Labour cash grab would threaten every pensioner says KATE ANDREWS

No doubt the sun, the moon and the stars will eventually be handed out on a silver platter, but the big spenders in the parties are probably waiting until week four or five to unveil such a showstopper. Everyone likes free stuff. But the vast majority of people on the receiving end of political promises are savvy enough to know that nothing is really free. Someone somewhere will be paying for services used, whether it's a taxpayer in a different city or borrowed money that will be paid back by our grandchildren.

Or very possibly, it's coming out of your own purse. The Conservatives are under pressure, as the party that prides itself on fiscal responsibility, to give the public a glimpse into how they'll fund increases to education, healthcare and the police through a costed election manifesto.

And from billions to trillions, we're asked to believe that the Labour Party's multitude of spending plans for the NHS, infrastructure projects, a "green revolution", welfare hikes and nationalisation projects are all going to be funded by taxing a few rich individuals and reversing corporation tax cuts. Those latter cuts, incidentally, have not just made Britain a more desirable place to do business, but have had the bonus of actually increasing corporate tax revenue. When the wealth of "the few" fails to go nearly as far as projected, you can bet "the many" will be picking up the tab.

Odd then, that while the Labour leader paints business as the bogeyman of the British economy - self-interested and opaque - he also considers it to be the lifeblood of his grandstanding plans for public services.

Take Jeremy Corbyn's proposal for "free" broadband. On the one hand, he is angling to seize parts of BT from the private sector he vilifies and return them to the supposed righteous hands of the state.

On the other hand, he plans to fund universal broadband (partially - this policy is by no means fully costed) by taxing tech firms, using funds generated by big business to prop up services provided by the public sector.

This is a recurring disconnect on the part of the socialists, to understand that wealth creation generated by business is what makes delivering high-quality public services possible. Failure to understand why prosperous, free market countries can offer more to their citizens perhaps explains why Left-wing parties continue to call for burdensome taxes, anticompetitive regulations and a crackdown on free enterprise.

It's not understood that measures designed to stagnate the economy and destroy wealth will lead to less money overall to be redistributed, shared and used for a social safety net.

But it's not simply public service beneficiaries who lose out when free enterprise comes under attack. There are rising concerns about plans for nationalisation and what tax hikes could mean for key stakeholders, including pensioners and employees of targeted business.

Labour's plans to nationalise 10 percent of large businesses through "inclusive ownership funds", for example, have been estimated to hit pension funds hard. The law firm Clifford Chance has calculated that British pension funds could lose £31billion thanks to this scheme, a cost ultimately borne by pensioners themselves.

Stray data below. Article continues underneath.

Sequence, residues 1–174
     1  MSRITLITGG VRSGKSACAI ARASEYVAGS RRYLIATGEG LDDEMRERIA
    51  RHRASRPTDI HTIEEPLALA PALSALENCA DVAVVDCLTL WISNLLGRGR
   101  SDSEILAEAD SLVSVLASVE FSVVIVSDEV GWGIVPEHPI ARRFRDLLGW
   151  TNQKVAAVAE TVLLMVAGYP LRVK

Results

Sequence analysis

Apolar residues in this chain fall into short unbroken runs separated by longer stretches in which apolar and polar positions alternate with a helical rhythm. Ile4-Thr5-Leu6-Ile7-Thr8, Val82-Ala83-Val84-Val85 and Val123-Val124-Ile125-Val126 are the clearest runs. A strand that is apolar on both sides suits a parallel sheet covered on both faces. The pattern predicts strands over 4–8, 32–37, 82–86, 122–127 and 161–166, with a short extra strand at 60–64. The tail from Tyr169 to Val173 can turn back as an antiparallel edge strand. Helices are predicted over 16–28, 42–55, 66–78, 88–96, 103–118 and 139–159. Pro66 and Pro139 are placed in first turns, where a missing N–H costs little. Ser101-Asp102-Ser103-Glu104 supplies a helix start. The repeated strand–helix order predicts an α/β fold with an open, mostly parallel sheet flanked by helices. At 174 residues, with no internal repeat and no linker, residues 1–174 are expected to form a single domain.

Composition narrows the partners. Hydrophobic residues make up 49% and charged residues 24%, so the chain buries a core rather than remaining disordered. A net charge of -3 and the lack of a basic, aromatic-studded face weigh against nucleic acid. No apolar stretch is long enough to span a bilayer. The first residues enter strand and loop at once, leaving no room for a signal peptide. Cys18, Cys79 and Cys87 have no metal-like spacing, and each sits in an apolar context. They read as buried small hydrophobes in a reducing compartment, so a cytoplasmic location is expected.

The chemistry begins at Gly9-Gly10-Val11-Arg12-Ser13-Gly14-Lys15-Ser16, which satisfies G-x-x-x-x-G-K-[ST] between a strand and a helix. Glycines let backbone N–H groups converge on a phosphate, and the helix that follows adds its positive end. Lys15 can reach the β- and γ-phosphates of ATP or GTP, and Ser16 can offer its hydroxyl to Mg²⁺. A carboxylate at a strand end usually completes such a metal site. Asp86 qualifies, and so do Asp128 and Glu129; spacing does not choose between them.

The UK is facing enough uphill pension struggles as it is. The current state pension system is fragile, at risk of under-delivering for future generations and over-stretching the public purse. While reform may be needed for my generation to reap the rewards of saving, it certainly won't be made easier by undermining the current savings and investments made on behalf of people who have spent their entire lives paying into a system they were told would deliver for them.

Written up by the Financial Times as one of the "biggest state expropriations of assets seen in a western democracy", Labour hasn't taken into account the knock-on effect that state ownership would have on pension pots and lifelong savings.

Furthermore, there is plenty of evidence to suggest that a big chunk of corporation tax actually comes from workers' wages. Punitive taxes on business - be they tech giants or the local corner shop - ultimately transfer to workers and customers.

This is one of the many dangers that arises when you treat business as a faceless institution rather than what it actually is: a compilation of all sorts of people - workers, consumers, investors - who come together and rely on each other to create, innovate, and grow the economy to the benefit of everyone.

It's become extremely fashionable to attack business; but these attacks are really attacks on people and their daily activity. And while Labour, the SNP, and the Greens are taking a more hostile stance towards enterprise, the Conservatives and Liberal Democrats often seem more embarrassed to defend market success than they do to champion it.

Forcing private business into public hands would result in lots of resources, wealth and value being lost along the way. So it's up to the non-politicians - to us - to push back state grabs and make the case for enterprise, for the sake of the workers, the pensioners, the consumers and the public alike.

Let's block ads! (Why?)

Share on google plus
    Google Comments
    Facebook Comments


Post a Comment